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Jackson, Mississippi, Wants Curfew Centers to Cut Crime. Here’s What Other Cities Learned.

After a teen’s murder, city officials hope a curfew and youth centers will get kids off the street. Young people are skeptical.

A photo of a Black woman with her hair in a bun speaking into a microphone while sitting on a panel.
Eboneé Beard, 25, speaks during a community forum hosted by Youth Action Initiative on Saturday, June 22, in Jackson, Miss. Young people shared their issues and brainstormed solutions. City officials blame the city’s crime on youth and have imposed a nighttime curfew with plans to establish “youth engagement centers” to get kids off the streets. Young people say they have been cut out of the conversation.

After a 17-year-old was charged with the fatal shooting of 14-year-old Eugene Kelly in Jackson, Mississippi’s first murder of 2024, one council member made a familiar demand: Impose a nighttime youth curfew to “stop these kids from becoming killers.”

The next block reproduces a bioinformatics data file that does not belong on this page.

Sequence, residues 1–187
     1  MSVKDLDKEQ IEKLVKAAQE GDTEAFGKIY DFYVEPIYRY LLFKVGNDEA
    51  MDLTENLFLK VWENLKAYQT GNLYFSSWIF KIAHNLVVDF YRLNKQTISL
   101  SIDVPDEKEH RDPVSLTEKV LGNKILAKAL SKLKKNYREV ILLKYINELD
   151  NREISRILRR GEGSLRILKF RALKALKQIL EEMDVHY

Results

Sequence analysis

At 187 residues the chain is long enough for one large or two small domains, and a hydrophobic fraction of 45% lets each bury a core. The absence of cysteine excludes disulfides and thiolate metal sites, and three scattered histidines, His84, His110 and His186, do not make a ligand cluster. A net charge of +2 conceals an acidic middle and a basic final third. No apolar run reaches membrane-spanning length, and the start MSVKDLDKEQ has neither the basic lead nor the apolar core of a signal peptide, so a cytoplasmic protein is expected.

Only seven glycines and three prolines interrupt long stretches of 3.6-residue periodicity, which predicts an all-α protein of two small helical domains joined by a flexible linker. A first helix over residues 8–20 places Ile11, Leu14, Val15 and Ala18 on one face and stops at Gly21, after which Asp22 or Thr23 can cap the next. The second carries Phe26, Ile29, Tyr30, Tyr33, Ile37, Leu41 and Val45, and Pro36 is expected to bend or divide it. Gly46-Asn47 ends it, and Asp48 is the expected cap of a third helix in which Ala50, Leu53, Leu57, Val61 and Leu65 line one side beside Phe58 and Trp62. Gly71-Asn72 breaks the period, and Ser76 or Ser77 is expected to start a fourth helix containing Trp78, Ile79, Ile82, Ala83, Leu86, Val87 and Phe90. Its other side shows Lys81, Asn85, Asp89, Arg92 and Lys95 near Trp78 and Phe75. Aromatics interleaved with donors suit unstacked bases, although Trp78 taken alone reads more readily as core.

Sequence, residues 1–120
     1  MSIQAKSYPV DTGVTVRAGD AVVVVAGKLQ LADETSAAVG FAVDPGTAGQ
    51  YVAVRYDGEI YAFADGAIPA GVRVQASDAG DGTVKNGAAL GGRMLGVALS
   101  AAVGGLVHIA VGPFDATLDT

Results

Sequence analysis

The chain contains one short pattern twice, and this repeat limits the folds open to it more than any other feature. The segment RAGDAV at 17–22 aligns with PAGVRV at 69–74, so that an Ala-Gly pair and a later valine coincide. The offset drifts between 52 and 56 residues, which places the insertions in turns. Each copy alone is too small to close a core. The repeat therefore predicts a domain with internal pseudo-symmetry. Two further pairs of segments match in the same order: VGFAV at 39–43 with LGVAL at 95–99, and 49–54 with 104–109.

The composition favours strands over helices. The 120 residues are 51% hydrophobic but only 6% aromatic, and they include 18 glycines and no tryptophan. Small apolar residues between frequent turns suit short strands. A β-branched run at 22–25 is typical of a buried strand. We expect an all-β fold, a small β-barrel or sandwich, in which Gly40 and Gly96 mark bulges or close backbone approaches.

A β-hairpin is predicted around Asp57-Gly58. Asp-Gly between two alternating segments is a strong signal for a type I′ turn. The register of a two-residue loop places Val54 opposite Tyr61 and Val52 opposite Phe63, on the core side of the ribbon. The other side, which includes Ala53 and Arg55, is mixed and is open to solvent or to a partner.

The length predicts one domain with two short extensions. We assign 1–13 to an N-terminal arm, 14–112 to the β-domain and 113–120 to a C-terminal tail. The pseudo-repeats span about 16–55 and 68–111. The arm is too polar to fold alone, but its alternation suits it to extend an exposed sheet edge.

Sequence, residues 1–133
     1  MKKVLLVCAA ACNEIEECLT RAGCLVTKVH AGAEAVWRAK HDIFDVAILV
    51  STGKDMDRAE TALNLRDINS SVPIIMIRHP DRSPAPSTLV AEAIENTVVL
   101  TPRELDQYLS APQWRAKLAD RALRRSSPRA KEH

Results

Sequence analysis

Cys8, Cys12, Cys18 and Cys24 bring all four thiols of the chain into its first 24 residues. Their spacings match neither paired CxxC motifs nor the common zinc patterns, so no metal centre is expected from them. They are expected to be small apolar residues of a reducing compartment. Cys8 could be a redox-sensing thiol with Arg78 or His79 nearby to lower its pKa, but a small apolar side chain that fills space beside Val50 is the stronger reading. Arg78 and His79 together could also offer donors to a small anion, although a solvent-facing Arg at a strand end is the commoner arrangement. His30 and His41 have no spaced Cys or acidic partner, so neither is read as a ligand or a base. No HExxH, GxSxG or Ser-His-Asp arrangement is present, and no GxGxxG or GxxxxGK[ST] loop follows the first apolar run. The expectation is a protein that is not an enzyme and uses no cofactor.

Mayor Chokwe Antar Lumumba then offered an even stronger response: The city should create “youth engagement centers” to keep children off the streets after dark.

Curfews have been imposed and abandoned numerous times in Jackson over the decades. Lumumba invoked the last temporary curfew in 2021, following a surge in violence during the COVID-19 pandemic. The planned youth centers, he said, will get “to the root cause of why that young person may be on the street,” instead of “detaining them and becoming part of the problem.”

A middle-aged Black man wearing a suit with a blue tie speaks at a podium.

Jackson Mayor Chokwe Antar Lumumba in January 2023. Lumumba proposed creating city-wide “youth engagement centers” to keep children off the streets.